Healing in fiction: interview with author of Mary, Woman of Magdala

Category: healing in fiction

Even in fiction, themes of healing are seen. Please enjoy this interview with Diana Wallis Taylor.

Diana Wallis Taylor is an award winning poet, songwriter and author. Her book of Biblical Fiction, Journey to the Well was published by Revell in 2009. Her new novel, Martha, will debut in May, and she is presently completing Mary, Woman of Magdala, which will come out in June of 2012. Her other works are a romance novel, Smoke Before the Wind, a book of poetry, Wings of the Wind, and in collaboration with a friend, she’s just completed an Easter Cantata, “Glorious”.

Diana and her husband, Frank, have six grown children between them and ten grandchildren. They now live in the San Diego area where, between writing projects, she participates in Professional Women’s Fellowship; serves on the Board of the San Diego Christian Writer’s Guild, and is active in the music ministry of her church. She enjoys traveling to interesting places with her husband and grandchildren, teaching poetry and writing workshops and sharing her heart with women of all ages.

Martha: Diana, please tell the readers something about your new book.

Mary, Woman of Magdala will be published by Revell in June of 2012.  She is the third of my series of  books on “misunderstood” women of the Bible. I like to take a character that has been portrayed in a negative way and show them in a more positive light.

Martha: Explain some of the misconceptions about Mary Magdalene. Was she a prostitute?

Nowhere in the Bible does it say that Mary Magdalene was a prostitute.  That’s a conception put forth in Hollywood movies.  The only thing it says about her was that Jesus delivered her from seven demons, and it shows that she was a devoted follower of His.  If you had been tormented as she was, and then suddenly healed, you’d be grateful to the person who set you free, especially when she believed He was the Son of God.

Martha: How did people in those ancient times view someone possessed?

There were exorcism rituals that the priests used, but I don’t know how well they worked. There are many instances in the New Testament of Jesus dealing with demons. Evidently this was more common than we imagined.

Martha: Did they see all mental disorders as possession by the devil?

I would say they saw demon possession more as mental disorders.  The woman bent over, humpbacked for 18 years was an example of a person who was just thought of as crippled. It was Jesus who recognized that it was Satan who had control of this woman’s body, for Jesus “loosed” her from her infirmity and attributed the condition to Satan.

Martha: If Mary had not been healed, what would her life have looked like? Do you show it in your story?

I show Mary’s life before she was healed.  I had to come up with a scenario for how she came to be demon possessed in the first place. I show her kidnapped and going through an extremely traumatic situation when she is 11.  Following her ordeal, she begins to get migraine headaches, seizures, and nightmares which escalate over the years.

Martha: How was Mary’s healing different from say, the healing of a blind man?

There was no need for mud to be put on her or for her to do anything.  Jesus recognized the cause of her condition, and because He was God, he merely had to speak the words, “Leave her!” and the demons had to obey.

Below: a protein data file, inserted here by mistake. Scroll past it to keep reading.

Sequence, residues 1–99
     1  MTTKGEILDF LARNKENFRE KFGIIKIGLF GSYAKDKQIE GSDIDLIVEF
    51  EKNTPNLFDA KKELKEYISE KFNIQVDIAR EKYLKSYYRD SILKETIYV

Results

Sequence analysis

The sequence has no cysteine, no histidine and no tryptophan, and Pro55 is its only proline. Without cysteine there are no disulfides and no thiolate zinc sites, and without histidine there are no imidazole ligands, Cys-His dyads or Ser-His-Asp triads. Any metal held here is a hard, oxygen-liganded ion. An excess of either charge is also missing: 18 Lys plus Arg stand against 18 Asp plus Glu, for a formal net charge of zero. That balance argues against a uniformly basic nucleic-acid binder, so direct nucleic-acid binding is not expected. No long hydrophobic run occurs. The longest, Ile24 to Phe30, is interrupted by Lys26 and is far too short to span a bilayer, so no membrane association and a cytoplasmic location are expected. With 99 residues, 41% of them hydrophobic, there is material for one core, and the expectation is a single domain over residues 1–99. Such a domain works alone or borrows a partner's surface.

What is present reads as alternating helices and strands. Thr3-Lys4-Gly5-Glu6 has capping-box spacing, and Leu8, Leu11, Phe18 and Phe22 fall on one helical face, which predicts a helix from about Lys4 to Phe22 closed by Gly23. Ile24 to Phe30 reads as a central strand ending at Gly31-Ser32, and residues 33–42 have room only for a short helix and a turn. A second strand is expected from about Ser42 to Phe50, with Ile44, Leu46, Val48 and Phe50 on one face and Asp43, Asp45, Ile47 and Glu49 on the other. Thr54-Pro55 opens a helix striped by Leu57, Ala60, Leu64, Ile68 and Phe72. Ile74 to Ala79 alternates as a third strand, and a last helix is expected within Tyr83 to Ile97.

Martha: Was it significant that she was a woman? It doesn’t seem as though there are that many healings of women in the scriptures.

There was Jarius’s daughter, Peter’s mother-in-law, the woman healed of an issue of blood, the woman bent in posture, the Syro-Phenician’s daughter, and while it didn’t specifically mention who were men and who were women, when he healed “everyone who was brought to Him”, I’m sure a good proportion of them were women.  He actually elevated the status of women and treated them as equals, something unheard of in His time.

Martha: What more do we know about her, beyond her healing?

She was a devoted follower of Jesus, traveling the road with Jesus and the disciples along with other women  who provided for the Lord and the group out of their means. Someone had to do the cooking and washing of clothes, mending and other tasks while “on the road” . She was there at the cross, comforting the Lord’s mother, and the first to the tomb, the first to actually see the Lord after He had risen.  Following the Lord’s ascention into heaven she is not mentioned again and her life after that is speculation.

Martha: Is there anything you would like to add about Mary’s healing and how it changed her life?

I show her married, but unable to be a wife, to have children.  Her husband loves her but is helpless to do anything for her. The exorcisms don’t work.  Just before her healing, she is confined (locked up) in her room which has been stripped of anything she could use to harm herself, screaming, throwing things, hearing voices in her head and attacking those who enter her room to bring her food.  Her hair is matted and disheveled, her clothes are dirty and she is more like a crone than the beautiful woman she had been.  When Jesus heals her, the whole world around her changed. She heard the birds sing, looked up at the sky and felt the joy of being alive again. She could return to her beloved husband and resume a normal marriage.  Everything changed when she was set free.

See more about Diana on her Website:  www.dianawallistaylor.com

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